Another embodiment of the invention includes locating the multiple passage orifice element downstream of the single passage outlet orifice external to the flow control valve and prior to the power steering assist valve.

Both embodiments include the use of a multiple passage orifice element in which the total wetted surface area of the multiple passages is substantially greater than the wetted surface area of the single passage of the single passage outlet orifice element.

Both embodiments include the use of a multiple passage orifice element in which the total cross-sectional area of the multiple passages is substantially equal to the cross-sectional area of the single passage of the single passage outlet orifice element.

These embodiments create a larger resistance to the highly viscous fluid from the engine driven pump and thereby eliminate pulsation of the fluid caused by pump cavitation at very low temperatures in the range of from approximately −40° F. to 5° F. The greater amount of wetted surfaces, provided by the multiple passage orifice element in line with the single passage outlet orifice element, together cause significant drag on the flow of high viscous fluid. At relatively low viscosity during normal operating conditions, the effect of the greater amount of wetted surface area is substantially less than when viscosity is high.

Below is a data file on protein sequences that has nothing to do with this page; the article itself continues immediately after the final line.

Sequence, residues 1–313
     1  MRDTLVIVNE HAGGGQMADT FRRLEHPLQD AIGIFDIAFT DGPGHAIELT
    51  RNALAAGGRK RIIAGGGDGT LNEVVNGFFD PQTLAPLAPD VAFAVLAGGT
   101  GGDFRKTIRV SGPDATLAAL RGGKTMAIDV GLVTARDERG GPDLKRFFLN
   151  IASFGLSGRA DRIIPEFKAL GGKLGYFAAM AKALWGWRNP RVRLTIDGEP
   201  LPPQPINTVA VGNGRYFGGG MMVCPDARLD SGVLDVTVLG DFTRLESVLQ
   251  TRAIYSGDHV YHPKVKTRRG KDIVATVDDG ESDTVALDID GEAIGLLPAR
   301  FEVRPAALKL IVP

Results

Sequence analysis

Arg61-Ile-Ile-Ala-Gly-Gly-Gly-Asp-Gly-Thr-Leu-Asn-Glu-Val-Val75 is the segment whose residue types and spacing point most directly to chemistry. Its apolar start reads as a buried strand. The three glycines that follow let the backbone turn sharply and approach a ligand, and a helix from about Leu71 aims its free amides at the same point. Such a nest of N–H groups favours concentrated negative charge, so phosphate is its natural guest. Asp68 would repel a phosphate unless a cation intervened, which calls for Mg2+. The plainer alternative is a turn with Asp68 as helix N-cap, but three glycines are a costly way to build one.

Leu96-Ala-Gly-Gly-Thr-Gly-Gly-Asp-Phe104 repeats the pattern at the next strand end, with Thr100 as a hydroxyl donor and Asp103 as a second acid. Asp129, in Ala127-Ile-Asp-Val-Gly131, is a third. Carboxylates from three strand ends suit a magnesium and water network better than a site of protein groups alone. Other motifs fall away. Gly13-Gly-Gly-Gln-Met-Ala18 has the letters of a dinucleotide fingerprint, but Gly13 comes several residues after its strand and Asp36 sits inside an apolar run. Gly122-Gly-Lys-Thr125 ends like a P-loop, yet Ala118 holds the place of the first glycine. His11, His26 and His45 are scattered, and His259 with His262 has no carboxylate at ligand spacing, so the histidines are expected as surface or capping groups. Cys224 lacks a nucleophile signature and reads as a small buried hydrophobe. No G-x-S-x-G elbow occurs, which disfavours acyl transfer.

Therefore, it is an object of the present invention to provide significant shear force resistance to fluid flow in a power steering system during start up periods when the temperature of the hydraulic fluid is significantly low enough to cause an increase in viscosity and to prevent noise caused by cavitation in the engine driven pump.

It is another object of the present invention to provide a multiple passage orifice element in a hydraulic power steering downstream from and in addition to a single passage outlet orifice element to prevent noise from being generated in the power steering system during extremely cold start up.

It is a further object of the present invention to provide a multiple passage orifice element in a hydraulic power steering downstream from and in addition to a single passage outlet orifice element to provide shear force resistance that causes highly viscous power steering fluid to become heated when flowing at extremely low temperatures.

BRIEF DESCRIPTION OF THE DRAWINGS

FIG. 1 is a cross-section through a prior art power steering flow control valve with a single passage outlet orifice element.

FIG. 2 is a perspective plan view of a typical single passage outlet orifice element.